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README.textile

Globalize3

Globalize3 is the successor of Globalize for Rails. Globalize is targeted at ActiveRecord 3. It is compatible with and builds on the new I18n API in Ruby on Rails and adds model translations to ActiveRecord.

Globalize3 is much more lightweight and compatible than its predecessor Globalize for Rails was. Model translations in Globalize3 use default ActiveRecord features and do not limit any ActiveRecord functionality any more.

Requirements

ActiveRecord > 3.0.0.rc
I18n

Installation

To install Globalize3 with its default setup just use:


$ gem install globalize3

Model translations

Model translations allow you to translate your models’ attribute values. E.g.


class Post < ActiveRecord::Base
  translates :title, :text
end

Allows you to translate the attributes :title and :text per locale:


I18n.locale = :en
post.title # => Globalize3 rocks!

I18n.locale = :he
post.title # => גלובאלייז2 שולט!

In order to make this work, you’ll need to add the appropriate translation tables. Globalize3 comes with a handy helper method to help you do this. It’s called create_translation_table!. Here’s an example:


class CreatePosts < ActiveRecord::Migration
  def self.up
    create_table :posts do |t|
      t.timestamps
    end
    Post.create_translation_table! :title => :string, :text => :text
  end
  def self.down
    drop_table :posts
    Post.drop_translation_table!
  end
end

Note that the ActiveRecord model Post must already exist and have a translates directive listing the translated fields.

Migrating existing data to and from the translated version

As well as creating a translation table, you can also use create_translation_table! to migrate across any
existing data to the default locale. This can also operate in reverse to restore any translations from the default locale
back to the model when you don’t want to use a translation table anymore using drop_translation_table!

This feature makes use of untranslated_attributes which allows access to the model’s attributes as they were before
the translation was applied. Here’s an example (which assumes you already have a model called Post and its table exists):


  class TranslatePosts < ActiveRecord::Migration
    def self.up
      Post.create_translation_table!({
        :title => :string,
        :text => :text
      }, {
        :migrate_data => true
      })
    end
    def self.down
      Post.drop_translation_table! :migrate_data => true
    end
  end

Versioning with Globalize3

Globalize3 nicely integrates with vestal_versions:


require 'globalize/versioning/vestal_versions'

As of writing (2010-08-05) the original vestal_versions respository has not been updated to be compatible with Rails 3 though. You can use this fork though. Globalize3’s Gemfile is currently set up accordingly.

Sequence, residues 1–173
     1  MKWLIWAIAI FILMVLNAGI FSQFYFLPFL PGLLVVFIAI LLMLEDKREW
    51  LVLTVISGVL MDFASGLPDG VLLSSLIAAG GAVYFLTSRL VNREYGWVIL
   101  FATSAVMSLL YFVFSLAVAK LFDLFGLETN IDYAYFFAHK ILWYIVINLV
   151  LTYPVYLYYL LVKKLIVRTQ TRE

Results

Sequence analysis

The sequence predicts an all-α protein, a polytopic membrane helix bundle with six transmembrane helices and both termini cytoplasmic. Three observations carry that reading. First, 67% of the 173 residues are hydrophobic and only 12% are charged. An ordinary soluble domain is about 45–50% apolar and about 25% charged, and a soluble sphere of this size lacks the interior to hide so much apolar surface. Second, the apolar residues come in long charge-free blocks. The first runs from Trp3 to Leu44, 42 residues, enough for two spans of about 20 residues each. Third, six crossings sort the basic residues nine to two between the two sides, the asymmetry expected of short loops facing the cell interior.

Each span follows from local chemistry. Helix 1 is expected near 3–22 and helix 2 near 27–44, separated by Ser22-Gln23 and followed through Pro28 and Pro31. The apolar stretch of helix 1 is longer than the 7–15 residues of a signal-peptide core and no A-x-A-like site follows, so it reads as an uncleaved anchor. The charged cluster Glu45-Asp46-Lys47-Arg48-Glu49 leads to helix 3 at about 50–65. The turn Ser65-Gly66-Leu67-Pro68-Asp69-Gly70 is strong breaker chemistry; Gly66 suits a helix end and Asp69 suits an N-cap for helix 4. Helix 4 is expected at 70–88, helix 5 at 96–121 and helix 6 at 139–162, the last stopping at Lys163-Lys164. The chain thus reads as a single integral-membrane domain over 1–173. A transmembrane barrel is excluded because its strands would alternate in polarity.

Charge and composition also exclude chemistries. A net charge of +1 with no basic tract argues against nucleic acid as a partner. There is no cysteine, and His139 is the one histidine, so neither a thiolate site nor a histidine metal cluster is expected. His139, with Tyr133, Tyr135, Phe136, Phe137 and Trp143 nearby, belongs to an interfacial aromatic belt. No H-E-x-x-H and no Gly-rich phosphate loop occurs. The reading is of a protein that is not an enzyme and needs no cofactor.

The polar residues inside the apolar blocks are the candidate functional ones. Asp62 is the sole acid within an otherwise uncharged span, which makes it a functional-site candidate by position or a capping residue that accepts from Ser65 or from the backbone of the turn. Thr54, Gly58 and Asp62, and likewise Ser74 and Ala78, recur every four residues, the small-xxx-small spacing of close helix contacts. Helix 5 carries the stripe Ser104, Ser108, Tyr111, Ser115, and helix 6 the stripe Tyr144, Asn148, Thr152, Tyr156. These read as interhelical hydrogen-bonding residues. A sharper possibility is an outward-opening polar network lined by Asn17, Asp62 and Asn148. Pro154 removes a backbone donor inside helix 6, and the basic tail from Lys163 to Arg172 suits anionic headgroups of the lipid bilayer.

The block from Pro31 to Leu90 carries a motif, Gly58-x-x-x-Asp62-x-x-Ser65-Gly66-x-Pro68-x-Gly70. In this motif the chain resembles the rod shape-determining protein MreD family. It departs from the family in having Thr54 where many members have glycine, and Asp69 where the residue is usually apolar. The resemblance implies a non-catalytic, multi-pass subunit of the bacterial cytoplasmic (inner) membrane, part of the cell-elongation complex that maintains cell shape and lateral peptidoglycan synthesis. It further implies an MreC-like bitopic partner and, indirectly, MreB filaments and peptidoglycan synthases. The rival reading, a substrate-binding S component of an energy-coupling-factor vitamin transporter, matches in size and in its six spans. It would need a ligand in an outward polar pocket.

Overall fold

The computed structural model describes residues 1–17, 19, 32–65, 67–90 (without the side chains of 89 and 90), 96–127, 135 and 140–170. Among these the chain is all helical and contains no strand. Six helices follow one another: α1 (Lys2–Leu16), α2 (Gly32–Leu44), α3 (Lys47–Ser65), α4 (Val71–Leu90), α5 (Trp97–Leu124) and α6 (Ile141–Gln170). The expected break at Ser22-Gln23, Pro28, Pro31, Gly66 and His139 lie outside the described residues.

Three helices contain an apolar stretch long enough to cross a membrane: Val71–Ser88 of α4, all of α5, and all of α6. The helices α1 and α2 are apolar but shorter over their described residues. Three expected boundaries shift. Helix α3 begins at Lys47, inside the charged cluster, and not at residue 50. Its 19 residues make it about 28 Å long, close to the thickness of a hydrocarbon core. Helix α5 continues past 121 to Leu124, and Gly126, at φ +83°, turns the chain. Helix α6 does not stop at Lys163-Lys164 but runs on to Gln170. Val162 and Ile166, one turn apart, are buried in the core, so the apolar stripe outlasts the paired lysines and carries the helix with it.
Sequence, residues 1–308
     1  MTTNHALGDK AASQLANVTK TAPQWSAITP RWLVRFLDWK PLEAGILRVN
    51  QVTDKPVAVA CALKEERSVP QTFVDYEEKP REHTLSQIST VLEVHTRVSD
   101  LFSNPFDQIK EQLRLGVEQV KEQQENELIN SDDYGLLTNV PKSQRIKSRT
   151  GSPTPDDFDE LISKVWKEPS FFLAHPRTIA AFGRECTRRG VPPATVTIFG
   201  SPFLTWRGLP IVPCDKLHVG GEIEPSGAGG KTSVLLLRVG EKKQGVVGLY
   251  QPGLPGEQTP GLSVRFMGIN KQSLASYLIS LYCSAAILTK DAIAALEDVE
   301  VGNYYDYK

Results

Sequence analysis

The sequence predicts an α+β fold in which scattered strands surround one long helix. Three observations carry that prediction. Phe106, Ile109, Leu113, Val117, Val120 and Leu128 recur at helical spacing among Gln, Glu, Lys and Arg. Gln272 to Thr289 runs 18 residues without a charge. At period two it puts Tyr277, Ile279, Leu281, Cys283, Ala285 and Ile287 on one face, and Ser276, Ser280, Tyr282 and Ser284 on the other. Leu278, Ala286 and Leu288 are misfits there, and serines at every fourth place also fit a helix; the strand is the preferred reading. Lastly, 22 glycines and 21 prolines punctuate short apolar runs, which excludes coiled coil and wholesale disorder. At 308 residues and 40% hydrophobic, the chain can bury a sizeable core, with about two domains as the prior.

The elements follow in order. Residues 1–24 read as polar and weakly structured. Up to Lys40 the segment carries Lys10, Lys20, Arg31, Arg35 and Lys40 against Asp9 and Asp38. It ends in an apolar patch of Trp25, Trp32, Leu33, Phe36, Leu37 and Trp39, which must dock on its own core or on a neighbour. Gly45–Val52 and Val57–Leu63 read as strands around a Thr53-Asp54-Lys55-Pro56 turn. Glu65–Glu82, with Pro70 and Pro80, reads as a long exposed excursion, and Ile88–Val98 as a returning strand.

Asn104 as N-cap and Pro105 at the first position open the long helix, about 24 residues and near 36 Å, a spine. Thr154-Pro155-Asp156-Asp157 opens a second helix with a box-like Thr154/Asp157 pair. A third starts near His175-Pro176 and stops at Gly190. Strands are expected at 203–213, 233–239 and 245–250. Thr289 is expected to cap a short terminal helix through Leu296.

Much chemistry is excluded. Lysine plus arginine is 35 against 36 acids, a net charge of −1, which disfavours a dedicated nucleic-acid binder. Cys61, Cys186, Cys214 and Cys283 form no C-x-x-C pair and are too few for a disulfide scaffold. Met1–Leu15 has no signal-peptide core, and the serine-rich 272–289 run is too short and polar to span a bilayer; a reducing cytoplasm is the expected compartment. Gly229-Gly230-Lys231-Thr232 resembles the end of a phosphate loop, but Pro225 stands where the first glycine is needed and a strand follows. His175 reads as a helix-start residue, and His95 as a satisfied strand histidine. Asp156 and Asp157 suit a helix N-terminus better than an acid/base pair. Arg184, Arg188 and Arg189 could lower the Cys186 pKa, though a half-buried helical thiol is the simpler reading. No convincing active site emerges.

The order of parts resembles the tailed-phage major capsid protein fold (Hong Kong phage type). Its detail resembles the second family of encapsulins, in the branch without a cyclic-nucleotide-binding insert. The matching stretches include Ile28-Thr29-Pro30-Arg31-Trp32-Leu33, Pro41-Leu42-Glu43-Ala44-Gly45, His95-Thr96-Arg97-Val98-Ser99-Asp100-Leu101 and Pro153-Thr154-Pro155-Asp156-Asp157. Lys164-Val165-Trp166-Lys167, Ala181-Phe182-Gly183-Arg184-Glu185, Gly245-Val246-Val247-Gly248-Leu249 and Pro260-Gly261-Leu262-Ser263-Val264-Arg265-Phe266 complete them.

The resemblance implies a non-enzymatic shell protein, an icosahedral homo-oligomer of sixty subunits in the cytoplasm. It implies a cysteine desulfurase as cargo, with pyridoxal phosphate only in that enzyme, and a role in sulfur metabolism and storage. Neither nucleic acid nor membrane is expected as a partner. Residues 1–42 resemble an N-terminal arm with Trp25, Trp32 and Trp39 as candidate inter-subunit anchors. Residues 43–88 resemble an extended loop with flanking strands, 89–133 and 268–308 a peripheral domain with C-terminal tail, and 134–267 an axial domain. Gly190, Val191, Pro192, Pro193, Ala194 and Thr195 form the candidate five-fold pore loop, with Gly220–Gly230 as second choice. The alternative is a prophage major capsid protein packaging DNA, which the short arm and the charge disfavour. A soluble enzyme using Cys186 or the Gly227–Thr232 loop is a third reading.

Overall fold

Please also note that update_attribute currently hides itself from dirty tracking in ActiveRecord >= 3.0.0.beta (which is considered a regression). That means that you currently need to use attribute writers or update_attributes in order to track changes/versions for your models.

Also, please see the tests in test/globalize3/versioning_test.rb for some current gotchas.

I18n fallbacks for empty translations

It is possible to enable fallbacks for empty translations. It will depend on the configuration setting you have set for I18n translations in your Rails config.

You can enable them by adding the next line to config/application.rb (or only config/environments/production.rb if you only want them in production)

config.i18n.fallbacks = true

By default, globalize3 will only use fallbacks when your translation model does not exist or the translation value for the item you’ve requested is nil. However it is possible to also use fallbacks for blank translations by adding :fallbacks_for_empty_translations => true to the translates method.


  class Post < ActiveRecord::Base
    translates :title, :name
  end

  puts post.translations.inspect
  # => [#<Post::Translation id: 1, post_id: 1, locale: "en", title: "Globalize3 rocks!", name: "Globalize3">, #<Post::Translation id: 2, post_id: 1, locale: "nl", title: '', name: nil>]

  I18n.locale = :en
  post.title # => 'Globalize3 rocks!'
  post.name  # => 'Globalize3'

  I18n.locale = :nl
  post.title # => ''
  post.name  # => 'Globalize3'

  class Post < ActiveRecord::Base
    translates :title, :name, :fallbacks_for_empty_translations => true
  end

  puts post.translations.inspect
  # => [#<Post::Translation id: 1, post_id: 1, locale: "en", title: "Globalize3 rocks!", name: "Globalize3">, #<Post::Translation id: 2, post_id: 1, locale: "nl", title: '', name: nil>]

  I18n.locale = :en
  post.title # => 'Globalize3 rocks!'
  post.name  # => 'Globalize3'

  I18n.locale = :nl
  post.title # => 'Globalize3 rocks!'
  post.name  # => 'Globalize3'

Changes since Globalize2

  • `translation_table_name` was renamed to `translations_table_name`
  • `available_locales` has been removed. please use `translated_locales`

Migration from Globalize for Rails (version 1)

See this script by Tomasz Stachewicz: http://gist.github.com/120867

Alternative Solutions

  • Veger’s fork – uses default AR schema for the default locale, delegates to the translations table for other locales only
  • TranslatableColumns – have multiple languages of the same attribute in a model (Iain Hecker)
  • localized_record – allows records to have localized attributes without any modifications to the database (Glenn Powell)
  • model_translations – Minimal implementation of Globalize2 style model translations (Jan Andersson)

Related solutions

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